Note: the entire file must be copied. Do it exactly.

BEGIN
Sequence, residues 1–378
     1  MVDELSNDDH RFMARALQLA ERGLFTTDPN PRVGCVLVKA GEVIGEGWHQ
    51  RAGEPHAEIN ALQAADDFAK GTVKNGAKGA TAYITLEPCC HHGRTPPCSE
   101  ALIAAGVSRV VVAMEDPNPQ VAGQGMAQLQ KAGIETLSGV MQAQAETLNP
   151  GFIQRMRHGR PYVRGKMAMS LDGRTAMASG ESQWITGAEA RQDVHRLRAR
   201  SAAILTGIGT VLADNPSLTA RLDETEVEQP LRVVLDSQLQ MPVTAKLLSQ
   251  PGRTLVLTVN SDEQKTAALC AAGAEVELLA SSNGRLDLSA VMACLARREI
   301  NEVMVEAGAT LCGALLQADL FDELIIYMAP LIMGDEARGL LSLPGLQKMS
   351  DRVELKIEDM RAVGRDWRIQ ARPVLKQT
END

Sequence, residues 1–378
     1  MVDELSNDDH RFMARALQLA ERGLFTTDPN PRVGCVLVKA GEVIGEGWHQ
    51  RAGEPHAEIN ALQAADDFAK GTVKNGAKGA TAYITLEPCC HHGRTPPCSE
   101  ALIAAGVSRV VVAMEDPNPQ VAGQGMAQLQ KAGIETLSGV MQAQAETLNP
   151  GFIQRMRHGR PYVRGKMAMS LDGRTAMASG ESQWITGAEA RQDVHRLRAR
   201  SAAILTGIGT VLADNPSLTA RLDETEVEQP LRVVLDSQLQ MPVTAKLLSQ
   251  PGRTLVLTVN SDEQKTAALC AAGAEVELLA SSNGRLDLSA VMACLARREI
   301  NEVMVEAGAT LCGALLQADL FDELIIYMAP LIMGDEARGL LSLPGLQKMS
   351  DRVELKIEDM RAVGRDWRIQ ARPVLKQT